Document Detail


Early and long-term results of prosthetic chest wall reconstruction.
MedLine Citation:
PMID:  10047664     Owner:  NLM     Status:  MEDLINE    
Abstract/OtherAbstract:
OBJECTIVE: The purpose of this report is to evaluate our results in patients who underwent prosthetic bony reconstruction after chest wall resection. METHODS: We retrospectively reviewed all patients who underwent chest wall resection and reconstruction with prosthetic material at the Mayo Clinic. RESULTS: From January 1, 1977, to December 31, 1992, 197 patients (109 male patients and 88 female patients) underwent chest wall resection and reconstruction with prosthetic material. Median age was 59 years (range, 11-86 years). The indication for resection was recurrent chest wall malignancy in 65 patients (33.0%), primary chest wall malignancy in 62 patients (31.5%), contiguous lung or breast carcinoma in 58 patients (29.4%), and other reasons in 12 patients (6.1%). Three patients (1.5%) each had an open draining wound. This review covers 2 time periods. Sixty-four patients (32.5%) underwent reconstruction with polypropylene mesh during the period from 1977 to 1986. One hundred thirty-three patients (67.5%) underwent reconstruction with polytetrafluoroethylene from 1984 to 1992. Soft tissue coverage was achieved with transposed muscle in 116 patients (58.9%), local tissue in 81 patients (41.1%), and omentum in 3 patients (1.5%). There were 8 deaths (operative mortality rate, 4.1%). Ninety-one patients (46.2%) experienced complications. Seromas occurred in 14 patients (7.1%). Wound infections occurred in 9 patients (4.6%; 5 patients with polypropylene mesh and 4 patients with polytetrafluoroethylene). The prosthesis was removed in all 5 patients with polypropylene mesh and in none of the patients with polytetrafluoroethylene. Follow-up was complete in 179 operative survivors (94.7%) and ranged from 1 to 204 months (median, 26 months). A well-healed asymptomatic wound was present in 127 patients (70.9%). CONCLUSIONS: Chest wall resection and reconstruction with prosthetic material will yield satisfactory results in most patients. Little difference exists between polypropylene mesh and polytetrafluoroethylene.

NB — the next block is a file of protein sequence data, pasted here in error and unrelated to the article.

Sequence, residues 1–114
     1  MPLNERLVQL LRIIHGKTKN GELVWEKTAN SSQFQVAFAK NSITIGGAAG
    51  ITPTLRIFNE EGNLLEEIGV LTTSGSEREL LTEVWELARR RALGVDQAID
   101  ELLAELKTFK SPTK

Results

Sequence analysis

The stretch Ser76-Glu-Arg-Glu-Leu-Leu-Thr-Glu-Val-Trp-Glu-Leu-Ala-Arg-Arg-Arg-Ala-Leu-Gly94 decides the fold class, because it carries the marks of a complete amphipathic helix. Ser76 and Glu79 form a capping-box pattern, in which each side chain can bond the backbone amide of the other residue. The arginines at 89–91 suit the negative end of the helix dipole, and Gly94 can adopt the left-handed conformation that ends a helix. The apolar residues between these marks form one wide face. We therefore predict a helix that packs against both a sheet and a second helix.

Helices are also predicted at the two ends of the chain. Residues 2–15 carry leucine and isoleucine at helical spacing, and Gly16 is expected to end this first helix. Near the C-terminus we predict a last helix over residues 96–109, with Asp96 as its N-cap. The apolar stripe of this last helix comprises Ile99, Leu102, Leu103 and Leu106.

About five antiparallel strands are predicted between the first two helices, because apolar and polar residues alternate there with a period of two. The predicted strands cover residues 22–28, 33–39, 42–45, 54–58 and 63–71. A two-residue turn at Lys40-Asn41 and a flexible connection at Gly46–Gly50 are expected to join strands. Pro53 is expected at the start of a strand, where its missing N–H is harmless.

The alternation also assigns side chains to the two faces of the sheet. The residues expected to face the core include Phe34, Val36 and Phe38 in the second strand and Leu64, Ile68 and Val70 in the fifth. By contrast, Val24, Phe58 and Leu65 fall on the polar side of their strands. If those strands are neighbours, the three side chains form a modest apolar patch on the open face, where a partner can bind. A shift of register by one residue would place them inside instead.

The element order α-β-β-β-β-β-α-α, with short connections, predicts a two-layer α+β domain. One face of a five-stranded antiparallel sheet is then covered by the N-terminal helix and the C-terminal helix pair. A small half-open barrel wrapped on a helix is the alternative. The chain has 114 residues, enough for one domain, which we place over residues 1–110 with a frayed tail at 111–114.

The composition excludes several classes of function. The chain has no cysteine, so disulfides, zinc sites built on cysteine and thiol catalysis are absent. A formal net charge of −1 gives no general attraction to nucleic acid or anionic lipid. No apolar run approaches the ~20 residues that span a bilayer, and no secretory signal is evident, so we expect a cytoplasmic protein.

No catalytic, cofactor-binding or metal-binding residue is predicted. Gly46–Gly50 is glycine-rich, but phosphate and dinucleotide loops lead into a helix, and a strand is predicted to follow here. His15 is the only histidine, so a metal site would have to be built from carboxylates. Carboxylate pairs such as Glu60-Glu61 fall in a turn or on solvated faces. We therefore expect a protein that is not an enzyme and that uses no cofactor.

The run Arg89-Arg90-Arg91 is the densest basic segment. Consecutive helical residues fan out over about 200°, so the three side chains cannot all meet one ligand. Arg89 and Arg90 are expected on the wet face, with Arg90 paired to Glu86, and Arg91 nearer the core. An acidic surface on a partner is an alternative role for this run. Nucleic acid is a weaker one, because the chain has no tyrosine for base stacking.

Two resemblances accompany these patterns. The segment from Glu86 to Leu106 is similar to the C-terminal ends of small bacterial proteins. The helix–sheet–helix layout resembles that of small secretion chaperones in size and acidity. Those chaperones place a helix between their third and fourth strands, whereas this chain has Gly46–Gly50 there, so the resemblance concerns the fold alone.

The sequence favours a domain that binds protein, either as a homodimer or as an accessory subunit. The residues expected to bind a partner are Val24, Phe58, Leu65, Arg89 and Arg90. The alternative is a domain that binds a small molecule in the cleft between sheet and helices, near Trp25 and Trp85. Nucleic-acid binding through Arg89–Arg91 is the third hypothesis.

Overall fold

Authors:
C Deschamps; B M Tirnaksiz; R Darbandi; V F Trastek; M S Allen; D L Miller; P G Arnold; P C Pairolero
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Publication Detail:
Type:  Journal Article    
Journal Detail:
Title:  The Journal of thoracic and cardiovascular surgery     Volume:  117     ISSN:  0022-5223     ISO Abbreviation:  J. Thorac. Cardiovasc. Surg.     Publication Date:  1999 Mar 
Date Detail:
Created Date:  1999-03-18     Completed Date:  1999-03-18     Revised Date:  2004-11-17    
Medline Journal Info:
Nlm Unique ID:  0376343     Medline TA:  J Thorac Cardiovasc Surg     Country:  UNITED STATES    
Other Details:
Languages:  eng     Pagination:  588-91; discussion 591-2     Citation Subset:  AIM; IM    
Affiliation:
Section of General Thoracic Surgery and Division of Plastic and Reconstructive Surgery, Mayo Clinic and Mayo Foundation, Rochester, MN, USA.
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MeSH Terms
Descriptor/Qualifier:
Adolescent
Adult
Aged
Aged, 80 and over
Child
Female
Humans
Male
Middle Aged
Polypropylenes
Polytetrafluoroethylene
Postoperative Complications
Prosthesis Implantation*
Reconstructive Surgical Procedures*
Retrospective Studies
Surgical Mesh
Surgical Wound Infection
Thoracic Neoplasms / surgery
Thoracic Surgical Procedures*
Wound Healing
Chemical
Reg. No./Substance:
0/Polypropylenes; 9002-84-0/Polytetrafluoroethylene

From MEDLINE®/PubMed®, a database of the U.S. National Library of Medicine


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